Is Vertigo a Sign of Serious Illness?
November 18, 2022
Vertigo is a medical term used to describe the sensation that you, or the environment around you, is moving or spinning.
Often described as dizziness, for some people, the sensations are barely noticeable and last only seconds. For others, episodes of vertigo can last for several minutes or even hours. In severe cases, the unsettling sensations can occur frequently over weeks or months and make it difficult to stay balanced and carry out the tasks of daily life. Feelings of nausea often accompany prolonged episodes of vertigo.
Although not usually a serious health concern, vertigo can be a symptom of an underlying medical condition and should always be evaluated by a doctor to determine what treatment, if any, is needed.
Potential Causes of Vertigo
Brief and temporary episodes of vertigo may occur due to dehydration, cold viruses or inner ear infection/inflammation. In these cases, the symptoms typically resolve when the virus clears; the infection is treated; or the body is rehydrated.
Recurring episodes of vertigo that do not go away on their own may be caused by a problem related to the inner ear or the brain. There are two main types of vertigo, each presenting with a distinct set of symptoms:
Central Vertigo. Caused by a problem in the brain, central vertigo can be linked to serious conditions such as stroke, brain tumor and multiple sclerosis. Symptoms develop gradually and are typically mild but constant and may include gait instability and loss of coordination. This type of vertigo is not affected by head position and movement and is most often diagnosed and managed by a neurologist.
Peripheral Vertigo. Far more common, peripheral vertigo is caused by a problem in the part of the inner ear that controls balance. Symptoms are usually of sudden onset and may be more severe than those experienced with central vertigo. This type of vertigo is triggered by sudden changes in head position and/or movement and may cause nausea and/or vomiting. Gait and coordination are not usually affected.
The most common type of peripheral vertigo is Benign Positional Paroxysmal Vertigo or BPPV. As its name suggests, BPPV is a benign condition, meaning it is not cancerous or harmful. However, its symptoms can be alarming and affect one’s quality of life.
What Causes Benign Positional Paroxysmal Vertigo (BPPV)?
To understand BPPV and why it occurs, it’s important to have a basic understanding of the anatomy of the inner ear and its functions. The inner ear has three main parts:
- Cochlea – a snail-shaped, fluid-filled organ responsible for hearing
- Semi-circular canals – fluid-filled channels that sense head position and regulate balance
- Otolith organs – tiny sacks that connect the semi-circular canals. These sacks contain small calcium crystals (canaliths) that help detect movement and maintain balance.
If the crystals contained in the otolith organs become dislodged, they can move into the semi-circular canal and become trapped there. This disrupts the signals sent to your brain about your position and can cause the intense dizziness associated with BPPV. Crystals can become dislodged due to head trauma, normal aging of the inner ear, other inner ear disorders or after an upper respiratory infection. In some cases, the cause is unknown.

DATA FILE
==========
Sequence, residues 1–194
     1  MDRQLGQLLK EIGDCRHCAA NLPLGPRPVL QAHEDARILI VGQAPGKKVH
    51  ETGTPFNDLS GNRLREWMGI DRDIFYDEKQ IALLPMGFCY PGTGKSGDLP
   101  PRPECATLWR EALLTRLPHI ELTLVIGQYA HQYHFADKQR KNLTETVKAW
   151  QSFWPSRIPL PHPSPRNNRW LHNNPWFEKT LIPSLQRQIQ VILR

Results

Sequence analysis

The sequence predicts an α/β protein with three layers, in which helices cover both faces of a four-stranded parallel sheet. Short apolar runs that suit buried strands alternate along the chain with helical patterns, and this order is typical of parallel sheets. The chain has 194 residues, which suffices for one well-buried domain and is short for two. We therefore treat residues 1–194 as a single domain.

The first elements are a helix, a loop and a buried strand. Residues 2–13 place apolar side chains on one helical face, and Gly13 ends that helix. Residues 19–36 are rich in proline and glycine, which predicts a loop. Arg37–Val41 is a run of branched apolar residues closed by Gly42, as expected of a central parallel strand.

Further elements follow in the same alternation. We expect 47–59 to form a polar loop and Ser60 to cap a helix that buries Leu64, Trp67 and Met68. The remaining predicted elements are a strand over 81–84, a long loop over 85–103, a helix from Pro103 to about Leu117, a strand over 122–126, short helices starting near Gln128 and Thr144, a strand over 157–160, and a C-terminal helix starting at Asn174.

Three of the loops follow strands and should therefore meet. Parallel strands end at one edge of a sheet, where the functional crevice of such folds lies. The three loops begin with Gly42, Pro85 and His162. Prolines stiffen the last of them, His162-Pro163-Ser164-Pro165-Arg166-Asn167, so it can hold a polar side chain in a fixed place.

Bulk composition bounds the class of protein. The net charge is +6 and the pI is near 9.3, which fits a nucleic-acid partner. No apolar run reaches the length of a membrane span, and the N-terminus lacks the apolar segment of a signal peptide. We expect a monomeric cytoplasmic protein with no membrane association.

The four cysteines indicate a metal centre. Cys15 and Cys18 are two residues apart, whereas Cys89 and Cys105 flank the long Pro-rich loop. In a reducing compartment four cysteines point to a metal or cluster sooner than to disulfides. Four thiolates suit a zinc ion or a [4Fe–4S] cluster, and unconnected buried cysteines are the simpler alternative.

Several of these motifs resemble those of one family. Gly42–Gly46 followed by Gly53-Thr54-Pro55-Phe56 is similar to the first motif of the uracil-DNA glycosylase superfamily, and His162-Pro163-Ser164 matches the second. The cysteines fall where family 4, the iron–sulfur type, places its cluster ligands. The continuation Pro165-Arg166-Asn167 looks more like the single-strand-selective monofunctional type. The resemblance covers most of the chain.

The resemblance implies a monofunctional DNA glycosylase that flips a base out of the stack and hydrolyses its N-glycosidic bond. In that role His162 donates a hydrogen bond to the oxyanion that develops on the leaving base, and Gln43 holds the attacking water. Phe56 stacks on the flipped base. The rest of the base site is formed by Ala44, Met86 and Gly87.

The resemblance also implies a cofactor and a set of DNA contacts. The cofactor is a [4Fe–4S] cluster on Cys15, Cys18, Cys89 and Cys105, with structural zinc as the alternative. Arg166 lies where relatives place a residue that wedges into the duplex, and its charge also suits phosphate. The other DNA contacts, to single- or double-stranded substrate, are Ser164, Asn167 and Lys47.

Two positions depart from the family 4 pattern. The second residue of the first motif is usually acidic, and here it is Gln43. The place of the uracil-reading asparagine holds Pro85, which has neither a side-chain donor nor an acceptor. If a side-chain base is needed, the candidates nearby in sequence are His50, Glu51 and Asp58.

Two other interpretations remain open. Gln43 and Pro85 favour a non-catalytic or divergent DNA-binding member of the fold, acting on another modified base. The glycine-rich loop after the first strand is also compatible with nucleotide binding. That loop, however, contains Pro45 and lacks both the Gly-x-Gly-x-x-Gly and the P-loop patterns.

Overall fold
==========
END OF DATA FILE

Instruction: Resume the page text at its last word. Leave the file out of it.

How Is BPPV Diagnosed?
Your doctor will first take a complete medical history and conduct a physical exam.
“The most important part of the evaluation will be your description of the dizziness and when it occurs,” says UH ear, nose and throat specialist, Sarah Mowry, MD. “For most people with BPPV, the dizziness is a short-lived but intense sensation of room spinning that occurs when you roll over in bed toward the affected ear, look up at something or flip your head over while using the hairdryer, to mention a few examples. It is provoked by movement and goes away within 90 seconds. Some people also experience a sensation of being off balance even when they are not moving their heads.”
“The most useful physical exam for the diagnosis of BPPV is the Dix-Hallpike maneuver, which is designed to provoke dizziness if it is caused by BPPV. While this examination may be briefly uncomfortable, it is key in making the diagnosis,” adds Dr. Mowry.
Effective Treatments Are Available for BPPV
Although BPPV can be bothersome, it's rarely serious. The dizziness associated with BPPV is generally short lived (less than 90 seconds) and can usually be decreased by fixing your vision on a stationary object when it happens.
Your doctor may also recommend additional treatments, which may include:
- Canalith Repositioning Procedure (CRP) – a simple, noninvasive series of head movements that help move the dislodged crystals out of the semi-circular canals and back into the otolith organs where they belong. Although one time through the procedure is often enough to resolve symptoms, your doctor can teach you how to do these movements at home in the event your BPPV recurs.
- Vestibular Therapy – a type of physical therapy which helps people with dizziness and balance problems.
Although vertigo is not usually a sign of serious illness, it should always be evaluated by a doctor. The ear, nose and throat (ENT) specialists at University Hospitals have the advanced training and experience to evaluate, diagnose and treat a wide range of conditions, including balance disorders.
Tags: BPPV, Sarah Mowry MD, Vertigo